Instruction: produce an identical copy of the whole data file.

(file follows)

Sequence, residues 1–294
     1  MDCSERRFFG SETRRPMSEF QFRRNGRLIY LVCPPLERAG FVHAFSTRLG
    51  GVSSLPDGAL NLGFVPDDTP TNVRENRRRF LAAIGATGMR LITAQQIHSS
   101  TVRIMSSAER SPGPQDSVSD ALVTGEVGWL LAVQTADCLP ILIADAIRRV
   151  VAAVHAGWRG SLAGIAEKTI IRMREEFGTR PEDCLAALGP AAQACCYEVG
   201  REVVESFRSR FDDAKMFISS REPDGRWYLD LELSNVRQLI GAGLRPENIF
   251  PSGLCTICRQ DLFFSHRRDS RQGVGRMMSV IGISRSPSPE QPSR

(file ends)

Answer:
Sequence, residues 1–294
     1  MDCSERRFFG SETRRPMSEF QFRRNGRLIY LVCPPLERAG FVHAFSTRLG
    51  GVSSLPDGAL NLGFVPDDTP TNVRENRRRF LAAIGATGMR LITAQQIHSS
   101  TVRIMSSAER SPGPQDSVSD ALVTGEVGWL LAVQTADCLP ILIADAIRRV
   151  VAAVHAGWRG SLAGIAEKTI IRMREEFGTR PEDCLAALGP AAQACCYEVG
   201  REVVESFRSR FDDAKMFISS REPDGRWYLD LELSNVRQLI GAGLRPENIF
   251  PSGLCTICRQ DLFFSHRRDS RQGVGRMMSV IGISRSPSPE QPSR